This morning I was able to observe the conditions at McKinley Elementary School in Bellwood. Everyone agrees that the physical condition at McKinley Elementary School is unsatisfactory.
The District 88 Board of Education is divided into a majority block (four votes) and an opposition block (three votes). The majority includes: Marilyn Thurman (president), Ton Anderson, Maria Castrejon and Tommie Miller. (See Proviso Probe
for the meeting that made Thurman president of the board.) The opposition is comprised of Althea Busby, Antonette “Toni” Dorris and John Wicks. Before Castrejon switched factions the current opposition block was in the majority.
The majority block sees the problem at McKinley as primarily being about the water leaking into the school. The majority has voted to put a new roof on McKinley for $300,000 and the school will be replaced at some point in the future.
The minority block disagrees with spending $300,000 to fix the roof. James Graham, Sr., the former director of facilities, has advised the minority that a product exists that will seal the leaks for a few years for $20-30,000. But the leaking roof isn’t the primary problem at this point.
The minority points to a health survey done by University of Illinois at Chicago, an evaluation by the Cook County Department of Health (see Proviso Probe
for text) and numerous ailments of students and staff as evidence that the air quality of the building is unhealthy. Mold growth and asbestos make McKinley an unhealthy place to work and attend school. Replacing the roof isn’t going to fix either of these problems.
Further, the minority points out spending $300,000 fixing a building that everyone agrees should be replaced as soon as possible is wasteful. The minority accuses the majority of wanting to put money in the pocket of a politically connected contractor. Presumably the contractor will engage in some form of kickback—campaign contributions, hiring cronies, etc.
This morning Board Members Dorris and Wicks were at the school distributing a flyer that stated, “MOLD and ASBESTOS KILLS!” [sic]. Along with seven parents and community activists they were inviting parents to attend this evenings District 88 board meeting at the Administrative Center on Eastern.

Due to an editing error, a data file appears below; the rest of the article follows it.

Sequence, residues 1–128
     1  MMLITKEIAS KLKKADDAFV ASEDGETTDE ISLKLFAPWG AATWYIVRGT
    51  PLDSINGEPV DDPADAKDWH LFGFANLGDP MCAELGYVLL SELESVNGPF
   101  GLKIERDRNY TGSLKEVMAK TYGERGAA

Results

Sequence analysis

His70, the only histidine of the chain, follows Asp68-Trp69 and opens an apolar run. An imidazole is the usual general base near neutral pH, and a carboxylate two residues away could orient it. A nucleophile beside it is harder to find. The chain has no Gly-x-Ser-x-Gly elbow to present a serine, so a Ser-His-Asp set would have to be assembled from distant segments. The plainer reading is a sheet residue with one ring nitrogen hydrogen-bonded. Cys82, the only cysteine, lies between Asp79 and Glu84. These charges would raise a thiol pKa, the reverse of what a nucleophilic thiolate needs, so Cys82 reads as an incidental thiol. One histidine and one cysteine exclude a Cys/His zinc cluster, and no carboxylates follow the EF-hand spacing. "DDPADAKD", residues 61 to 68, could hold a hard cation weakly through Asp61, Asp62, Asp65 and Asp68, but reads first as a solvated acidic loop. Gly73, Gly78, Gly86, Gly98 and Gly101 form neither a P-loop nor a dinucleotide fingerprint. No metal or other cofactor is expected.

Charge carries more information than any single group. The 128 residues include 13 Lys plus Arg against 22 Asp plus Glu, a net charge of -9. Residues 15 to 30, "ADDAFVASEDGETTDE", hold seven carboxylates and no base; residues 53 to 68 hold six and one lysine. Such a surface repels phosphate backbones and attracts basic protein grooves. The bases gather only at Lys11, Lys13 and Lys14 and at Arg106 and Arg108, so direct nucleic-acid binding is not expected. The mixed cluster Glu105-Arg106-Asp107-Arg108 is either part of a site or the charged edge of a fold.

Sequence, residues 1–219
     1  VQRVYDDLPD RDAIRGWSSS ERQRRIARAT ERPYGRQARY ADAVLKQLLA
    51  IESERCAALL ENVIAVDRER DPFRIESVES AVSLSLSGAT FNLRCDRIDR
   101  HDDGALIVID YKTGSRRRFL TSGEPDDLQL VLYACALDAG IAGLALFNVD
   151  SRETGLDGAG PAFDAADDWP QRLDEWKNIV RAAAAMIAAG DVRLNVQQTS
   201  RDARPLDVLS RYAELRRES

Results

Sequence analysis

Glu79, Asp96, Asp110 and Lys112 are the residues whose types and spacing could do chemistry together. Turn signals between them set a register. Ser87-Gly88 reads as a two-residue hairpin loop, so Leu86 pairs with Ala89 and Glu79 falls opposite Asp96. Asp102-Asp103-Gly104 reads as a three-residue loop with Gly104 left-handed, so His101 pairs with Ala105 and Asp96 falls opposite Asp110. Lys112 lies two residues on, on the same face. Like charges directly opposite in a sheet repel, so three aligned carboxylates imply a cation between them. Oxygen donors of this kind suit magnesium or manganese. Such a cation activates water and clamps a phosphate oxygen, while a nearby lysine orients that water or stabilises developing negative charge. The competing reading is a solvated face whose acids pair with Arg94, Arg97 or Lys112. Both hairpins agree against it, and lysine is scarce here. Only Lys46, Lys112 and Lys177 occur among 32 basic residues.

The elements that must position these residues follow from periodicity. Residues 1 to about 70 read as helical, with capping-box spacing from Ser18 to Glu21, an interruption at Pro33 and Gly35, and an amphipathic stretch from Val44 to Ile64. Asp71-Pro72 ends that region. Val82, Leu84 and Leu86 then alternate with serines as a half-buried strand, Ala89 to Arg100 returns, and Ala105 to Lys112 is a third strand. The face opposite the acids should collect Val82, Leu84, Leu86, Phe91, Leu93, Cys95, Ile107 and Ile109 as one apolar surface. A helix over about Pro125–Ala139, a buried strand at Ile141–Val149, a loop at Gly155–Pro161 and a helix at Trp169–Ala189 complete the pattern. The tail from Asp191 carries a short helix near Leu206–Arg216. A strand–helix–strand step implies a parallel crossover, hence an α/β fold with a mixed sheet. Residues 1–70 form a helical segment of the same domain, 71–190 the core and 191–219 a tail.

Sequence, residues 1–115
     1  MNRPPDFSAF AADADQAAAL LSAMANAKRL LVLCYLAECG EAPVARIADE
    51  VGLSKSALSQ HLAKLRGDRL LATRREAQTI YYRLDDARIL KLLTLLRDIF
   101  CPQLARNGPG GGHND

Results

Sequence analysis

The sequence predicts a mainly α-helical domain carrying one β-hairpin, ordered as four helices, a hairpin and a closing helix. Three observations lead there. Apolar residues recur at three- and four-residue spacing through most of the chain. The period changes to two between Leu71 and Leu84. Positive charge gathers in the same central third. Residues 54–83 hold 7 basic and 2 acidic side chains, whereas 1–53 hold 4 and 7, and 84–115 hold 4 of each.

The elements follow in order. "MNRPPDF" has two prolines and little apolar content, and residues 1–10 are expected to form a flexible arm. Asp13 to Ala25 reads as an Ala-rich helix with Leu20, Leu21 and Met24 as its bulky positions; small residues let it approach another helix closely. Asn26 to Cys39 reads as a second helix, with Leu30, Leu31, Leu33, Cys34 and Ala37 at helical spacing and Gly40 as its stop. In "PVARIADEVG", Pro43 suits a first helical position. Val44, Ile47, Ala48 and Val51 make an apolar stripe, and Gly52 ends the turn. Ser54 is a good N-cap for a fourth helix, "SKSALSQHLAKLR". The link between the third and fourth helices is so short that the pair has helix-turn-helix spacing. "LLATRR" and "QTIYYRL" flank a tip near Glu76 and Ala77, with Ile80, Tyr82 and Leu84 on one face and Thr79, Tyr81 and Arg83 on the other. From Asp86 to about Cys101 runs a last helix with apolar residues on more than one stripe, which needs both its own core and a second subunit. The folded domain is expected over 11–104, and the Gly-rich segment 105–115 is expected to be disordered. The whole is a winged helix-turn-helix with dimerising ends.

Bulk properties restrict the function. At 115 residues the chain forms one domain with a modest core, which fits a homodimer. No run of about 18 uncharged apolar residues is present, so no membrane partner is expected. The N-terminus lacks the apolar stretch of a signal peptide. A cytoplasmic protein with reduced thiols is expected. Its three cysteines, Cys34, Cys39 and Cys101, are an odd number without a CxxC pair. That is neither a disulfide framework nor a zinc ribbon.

Board Member Dorris made the case that the district has money to relieve overcrowding at Grant Elementary School (which serves the mostly Latino population of Stone Park), but considers the health threat at McKinley (which serves the mostly African-American population of Bellwood) a lower priority.
Dorris claimed that the Village of Bellwood may contribute funds to rebuilding McKinley out of the newly proposed TIF district money.
Board Member Wicks made the case that District 88 has failed to get reasonable return on investment from past construction. He compared District 88
to District 92
Last week when I spoke to Board Member Castrejon she said that it was unrealistic to expect the students to be removed from McKinley as soon as September, 2006. To build a new school requires a bond to be issued. Issuing a bond requires a referendum. The board is doing the best it can with the options the staff has presented.
In my opinion (IMO) the health threat at McKinley should be a priority. If District 88 can’t obtain the money through normal channels it should go outside normal channels to do what’s necessary to educate McKinley students in an environment that does not pose an active health risk. District 88 should get help from the Village of Bellwood, Cook County, the State of Illinois and the federal government to address the immediate health threat.
Sending affluent “White” children to a mold infested school would be unthinkable. The government would do what was necessary to keep those children safe. District 88 parents have got to demand their children get treated with dignity too.
To get the money to replace McKinley the District 88 board needs to work together. Unfortunately there are interpersonal conflicts that will prevent working together. Part of the conflict may be theories of governance, but much of it is these people just don’t like each other. As Arnie Bryant says, “The District 88 board is dysfunctional.”
If Board Members Anderson and Miller could be untethered from their political boss, board attorney Emanuel “Chris” Welch… And if Board Members Busby and Castrejon could form a strong working relationship… And if the board seated Board Member Thurman far away from Board Members Dorris and Wicks, just maybe, District 88 could put the welfare of staff and students first for long enough to enact a plan that would allow McKinley students to go to school in a safe environment—meaning not the current building—in the fall.